Prior, Randall. 1998. Gospel and culture in Vanuatu: The founding missionary and a missionary for today. Wattle Park, Australia: Gospel Vanuatu Books.
The book comprises two stories, one about John Geddies, the founding missionary of the Presbyterian church in July 1848 at the southern island of Aneityum, in what was then the New Hebrides, and the second is about Graham Loughman, a national Presbyterian pastor, and his son Jack, who represent the culture and Gospel in contemporary Vanuatu.
Prior studied the diaries of Geddie and interacted with the Loughmans in his own work in Vanuatu as a missionary. Geddie, as Prior reports, was a product of his time, seeing many aspects of the traditional culture as evil and Satanic. Some obviously were – the strangulation of a widow after her husband died, cannibalism, the subjugation of women in society and warfare – and had little to commend to the society. But others, such as polygamy, the power of chiefs, not wearing clothes, and marriage customs, were judged as evil from the perspective of the missionary’s own culture. Prior reports on Geddie’s comments on clothing, cannibalism, chiefs, beliefs about death, disease, war and peace, marriage and family life. He comments that Geddie was sensitive to the inferior position of the women and children, but not to the role of chiefs, marriage and certain other practices within the culture that determined and preserved social relationships.
Geddie’s somewhat negative view of the culture changes when he supposes, on the basis of his theological presuppositions, that the Vanuatu people may be associated with the lost tribe of Israel. He teaches them theology and education, encouraging them to turn their backs on past pagan practices. He wants an indigenous church but finds it difficult not to be paternalistic due to his own views on gospel ‘universals’.
The second part of the book reveals the shape of the Presbyterian church in the latter part of the 20th century by focusing on Rev. Jack Loughman and his family. Loughman was responsible for the Training Centre at Ulua that Prior assisted with from time to time Jack’s eldest son made drawings that represented Gospel cultural scenes from the eyes of a Vanuatuan. Graham died at the age of 21 but completed several cultural interpretations: creation, the fall, the birth of Jesus, the life of Jesus and his call to discipleship, the life of Jesus among the people, the death, resurrection and ascension of Jesus, Pentecost and the coming of Jesus. Each drawing includes traditional symbols, such as Jesus seated on a stone to represent chiefly authority, wearing a chief’s belt, holding the traditional leaf depicting peace and pig’s teeth to represent power and wealth. Prior gives a sympathetic view of the nature of symbolism in the church life of the people and a critical review of Geddie, who did not correlate many Aneityumese beliefs with the Gospel, for example the role of ancestors, evil spirits, peace symbols, and the role of men and women in the society.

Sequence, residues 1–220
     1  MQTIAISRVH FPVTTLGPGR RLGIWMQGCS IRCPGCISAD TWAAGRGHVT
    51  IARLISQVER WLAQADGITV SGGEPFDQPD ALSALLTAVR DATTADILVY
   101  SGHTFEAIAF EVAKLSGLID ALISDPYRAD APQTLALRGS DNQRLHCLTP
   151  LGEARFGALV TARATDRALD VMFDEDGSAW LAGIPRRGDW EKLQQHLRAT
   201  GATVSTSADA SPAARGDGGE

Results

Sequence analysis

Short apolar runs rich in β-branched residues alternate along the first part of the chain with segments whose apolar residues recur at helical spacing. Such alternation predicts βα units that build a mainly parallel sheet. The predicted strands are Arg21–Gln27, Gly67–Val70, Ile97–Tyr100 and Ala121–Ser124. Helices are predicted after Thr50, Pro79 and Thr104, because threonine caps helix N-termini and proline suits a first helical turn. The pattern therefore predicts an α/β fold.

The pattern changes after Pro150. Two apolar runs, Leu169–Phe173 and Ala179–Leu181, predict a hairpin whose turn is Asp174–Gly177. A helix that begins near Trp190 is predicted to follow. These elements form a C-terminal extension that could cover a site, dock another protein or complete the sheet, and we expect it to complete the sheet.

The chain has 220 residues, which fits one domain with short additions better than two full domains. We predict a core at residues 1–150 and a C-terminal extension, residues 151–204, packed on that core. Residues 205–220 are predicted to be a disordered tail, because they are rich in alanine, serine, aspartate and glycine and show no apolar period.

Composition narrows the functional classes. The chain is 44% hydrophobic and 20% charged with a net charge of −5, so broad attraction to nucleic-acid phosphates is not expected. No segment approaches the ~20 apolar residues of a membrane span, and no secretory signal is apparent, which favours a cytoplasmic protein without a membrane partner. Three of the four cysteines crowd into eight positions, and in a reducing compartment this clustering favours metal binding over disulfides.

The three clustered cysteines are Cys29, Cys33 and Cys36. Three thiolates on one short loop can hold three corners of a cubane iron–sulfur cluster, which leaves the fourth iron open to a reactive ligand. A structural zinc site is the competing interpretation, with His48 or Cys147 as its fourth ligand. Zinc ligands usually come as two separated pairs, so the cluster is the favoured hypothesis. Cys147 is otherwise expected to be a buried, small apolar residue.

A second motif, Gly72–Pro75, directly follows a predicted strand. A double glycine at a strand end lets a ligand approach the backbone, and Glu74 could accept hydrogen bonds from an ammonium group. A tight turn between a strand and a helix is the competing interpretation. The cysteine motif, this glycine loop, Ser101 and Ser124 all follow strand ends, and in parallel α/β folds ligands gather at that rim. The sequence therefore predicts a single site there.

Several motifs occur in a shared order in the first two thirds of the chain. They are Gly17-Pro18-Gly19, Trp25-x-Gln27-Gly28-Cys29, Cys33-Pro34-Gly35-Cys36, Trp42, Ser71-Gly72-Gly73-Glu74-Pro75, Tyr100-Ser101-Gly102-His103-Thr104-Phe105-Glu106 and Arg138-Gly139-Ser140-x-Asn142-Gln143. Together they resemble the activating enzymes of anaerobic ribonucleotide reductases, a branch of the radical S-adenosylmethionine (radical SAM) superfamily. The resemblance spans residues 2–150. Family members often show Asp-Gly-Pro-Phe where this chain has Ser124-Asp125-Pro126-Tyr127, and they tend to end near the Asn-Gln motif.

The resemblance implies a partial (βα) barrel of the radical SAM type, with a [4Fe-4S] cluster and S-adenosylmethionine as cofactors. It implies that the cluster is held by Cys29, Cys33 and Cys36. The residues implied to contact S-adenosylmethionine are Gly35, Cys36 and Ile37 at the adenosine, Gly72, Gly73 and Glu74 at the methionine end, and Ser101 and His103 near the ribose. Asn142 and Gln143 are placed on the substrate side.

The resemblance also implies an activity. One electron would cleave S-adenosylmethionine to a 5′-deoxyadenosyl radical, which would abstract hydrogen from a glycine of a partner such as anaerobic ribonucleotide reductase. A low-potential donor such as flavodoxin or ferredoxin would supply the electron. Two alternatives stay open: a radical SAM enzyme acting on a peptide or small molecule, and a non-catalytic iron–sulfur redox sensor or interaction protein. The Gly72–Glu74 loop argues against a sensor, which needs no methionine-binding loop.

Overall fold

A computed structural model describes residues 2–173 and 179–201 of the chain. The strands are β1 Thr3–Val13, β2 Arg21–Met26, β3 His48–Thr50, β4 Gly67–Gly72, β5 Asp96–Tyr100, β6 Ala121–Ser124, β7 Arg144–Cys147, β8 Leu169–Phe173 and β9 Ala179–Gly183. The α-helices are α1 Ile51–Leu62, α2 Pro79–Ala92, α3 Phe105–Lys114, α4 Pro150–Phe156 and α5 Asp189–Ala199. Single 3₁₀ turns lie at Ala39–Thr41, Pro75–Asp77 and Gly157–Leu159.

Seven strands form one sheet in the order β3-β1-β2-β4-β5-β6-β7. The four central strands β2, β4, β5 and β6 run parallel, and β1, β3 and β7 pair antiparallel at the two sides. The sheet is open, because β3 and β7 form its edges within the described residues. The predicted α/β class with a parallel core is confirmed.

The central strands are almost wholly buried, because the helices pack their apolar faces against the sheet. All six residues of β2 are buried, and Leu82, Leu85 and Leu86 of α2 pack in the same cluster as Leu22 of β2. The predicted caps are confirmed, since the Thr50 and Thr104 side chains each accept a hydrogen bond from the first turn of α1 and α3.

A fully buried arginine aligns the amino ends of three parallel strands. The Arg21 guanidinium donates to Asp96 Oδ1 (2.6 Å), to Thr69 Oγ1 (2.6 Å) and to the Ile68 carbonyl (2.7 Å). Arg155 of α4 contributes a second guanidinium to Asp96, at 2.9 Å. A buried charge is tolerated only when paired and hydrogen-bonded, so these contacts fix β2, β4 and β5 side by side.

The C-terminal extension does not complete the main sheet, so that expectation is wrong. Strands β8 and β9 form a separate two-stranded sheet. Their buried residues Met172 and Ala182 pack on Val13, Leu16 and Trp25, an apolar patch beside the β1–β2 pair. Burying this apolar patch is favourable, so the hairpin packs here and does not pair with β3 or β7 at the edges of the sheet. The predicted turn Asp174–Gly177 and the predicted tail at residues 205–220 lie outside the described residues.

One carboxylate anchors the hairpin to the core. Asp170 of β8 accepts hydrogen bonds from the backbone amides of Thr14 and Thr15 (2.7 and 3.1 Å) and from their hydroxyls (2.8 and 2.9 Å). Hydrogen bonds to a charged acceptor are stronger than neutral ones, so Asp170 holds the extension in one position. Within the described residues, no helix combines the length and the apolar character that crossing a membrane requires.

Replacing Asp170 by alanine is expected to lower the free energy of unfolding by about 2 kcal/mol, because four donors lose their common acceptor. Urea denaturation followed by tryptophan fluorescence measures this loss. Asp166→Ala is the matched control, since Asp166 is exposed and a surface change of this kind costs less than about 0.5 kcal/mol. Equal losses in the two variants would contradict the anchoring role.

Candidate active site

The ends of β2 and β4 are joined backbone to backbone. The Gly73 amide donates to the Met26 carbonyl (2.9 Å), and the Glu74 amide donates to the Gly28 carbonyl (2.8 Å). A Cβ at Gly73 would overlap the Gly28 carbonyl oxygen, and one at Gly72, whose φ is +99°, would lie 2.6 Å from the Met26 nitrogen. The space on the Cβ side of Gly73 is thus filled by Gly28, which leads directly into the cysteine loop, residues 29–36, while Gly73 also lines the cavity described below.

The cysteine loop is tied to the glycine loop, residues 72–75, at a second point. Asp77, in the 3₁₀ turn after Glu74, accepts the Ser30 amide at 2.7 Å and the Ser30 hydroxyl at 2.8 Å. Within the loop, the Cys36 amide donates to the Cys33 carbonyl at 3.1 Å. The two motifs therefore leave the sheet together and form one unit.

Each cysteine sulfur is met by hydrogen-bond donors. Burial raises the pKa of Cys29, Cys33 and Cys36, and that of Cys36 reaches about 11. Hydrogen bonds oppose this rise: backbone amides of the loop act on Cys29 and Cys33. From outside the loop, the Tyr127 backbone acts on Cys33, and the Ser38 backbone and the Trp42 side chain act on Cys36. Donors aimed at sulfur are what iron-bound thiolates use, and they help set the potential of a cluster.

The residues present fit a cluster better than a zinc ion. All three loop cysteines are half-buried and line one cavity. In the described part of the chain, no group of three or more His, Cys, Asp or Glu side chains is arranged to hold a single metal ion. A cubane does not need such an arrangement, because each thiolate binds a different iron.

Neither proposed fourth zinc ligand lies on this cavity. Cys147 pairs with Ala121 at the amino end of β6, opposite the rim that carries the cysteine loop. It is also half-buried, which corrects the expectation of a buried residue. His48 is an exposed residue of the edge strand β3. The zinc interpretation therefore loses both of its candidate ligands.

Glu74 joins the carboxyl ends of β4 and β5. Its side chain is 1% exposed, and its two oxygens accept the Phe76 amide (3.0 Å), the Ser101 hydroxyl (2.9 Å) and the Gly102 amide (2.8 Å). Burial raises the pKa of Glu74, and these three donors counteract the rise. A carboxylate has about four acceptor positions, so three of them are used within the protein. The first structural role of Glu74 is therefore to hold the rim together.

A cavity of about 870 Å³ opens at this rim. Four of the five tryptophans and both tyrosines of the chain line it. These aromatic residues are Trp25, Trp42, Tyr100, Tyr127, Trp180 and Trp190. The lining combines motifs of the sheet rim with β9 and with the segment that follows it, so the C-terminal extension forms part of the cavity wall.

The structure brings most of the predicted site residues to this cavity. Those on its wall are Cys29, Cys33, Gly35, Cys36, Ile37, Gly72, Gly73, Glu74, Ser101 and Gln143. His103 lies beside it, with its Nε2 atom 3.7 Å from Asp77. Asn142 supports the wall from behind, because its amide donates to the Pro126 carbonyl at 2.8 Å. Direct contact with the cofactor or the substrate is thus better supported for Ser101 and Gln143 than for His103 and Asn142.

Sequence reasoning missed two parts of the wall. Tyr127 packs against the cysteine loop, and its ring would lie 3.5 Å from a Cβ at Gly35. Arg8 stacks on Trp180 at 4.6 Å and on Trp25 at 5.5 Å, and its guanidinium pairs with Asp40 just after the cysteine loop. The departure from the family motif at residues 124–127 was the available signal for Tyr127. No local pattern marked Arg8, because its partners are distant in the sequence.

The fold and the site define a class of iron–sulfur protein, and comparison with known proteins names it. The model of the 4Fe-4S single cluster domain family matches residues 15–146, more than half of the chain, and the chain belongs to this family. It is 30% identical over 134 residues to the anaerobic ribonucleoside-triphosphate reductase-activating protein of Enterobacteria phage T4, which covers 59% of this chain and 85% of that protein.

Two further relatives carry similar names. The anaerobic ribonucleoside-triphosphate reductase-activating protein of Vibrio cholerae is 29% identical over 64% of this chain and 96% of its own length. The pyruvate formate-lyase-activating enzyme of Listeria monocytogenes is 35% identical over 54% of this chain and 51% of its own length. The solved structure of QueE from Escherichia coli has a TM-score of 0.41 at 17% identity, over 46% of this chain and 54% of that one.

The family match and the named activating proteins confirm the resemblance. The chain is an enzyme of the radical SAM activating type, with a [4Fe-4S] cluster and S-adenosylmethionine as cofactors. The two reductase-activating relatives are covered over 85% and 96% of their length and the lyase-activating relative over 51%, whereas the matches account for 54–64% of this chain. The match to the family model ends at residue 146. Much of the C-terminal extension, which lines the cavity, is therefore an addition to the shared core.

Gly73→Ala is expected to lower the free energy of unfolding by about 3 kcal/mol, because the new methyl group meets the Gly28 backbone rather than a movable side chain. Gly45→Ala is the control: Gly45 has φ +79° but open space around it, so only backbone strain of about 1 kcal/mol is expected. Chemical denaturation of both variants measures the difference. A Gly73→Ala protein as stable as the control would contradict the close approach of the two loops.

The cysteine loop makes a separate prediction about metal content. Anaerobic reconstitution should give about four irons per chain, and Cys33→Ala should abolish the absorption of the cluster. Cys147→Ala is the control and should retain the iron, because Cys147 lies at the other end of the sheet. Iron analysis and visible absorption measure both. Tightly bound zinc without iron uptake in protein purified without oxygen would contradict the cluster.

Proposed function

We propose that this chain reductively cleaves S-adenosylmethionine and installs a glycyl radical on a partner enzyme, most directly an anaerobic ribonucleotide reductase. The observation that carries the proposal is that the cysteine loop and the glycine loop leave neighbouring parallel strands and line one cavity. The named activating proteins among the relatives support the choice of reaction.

There are implications for storytelling: the pictures that Graham Loughman drew are associated with Bible stories but are culturally transmitted by means of symbols. A straight recitation of a Bible story would not have the same cultural impact.
Karl Franklin, February 2007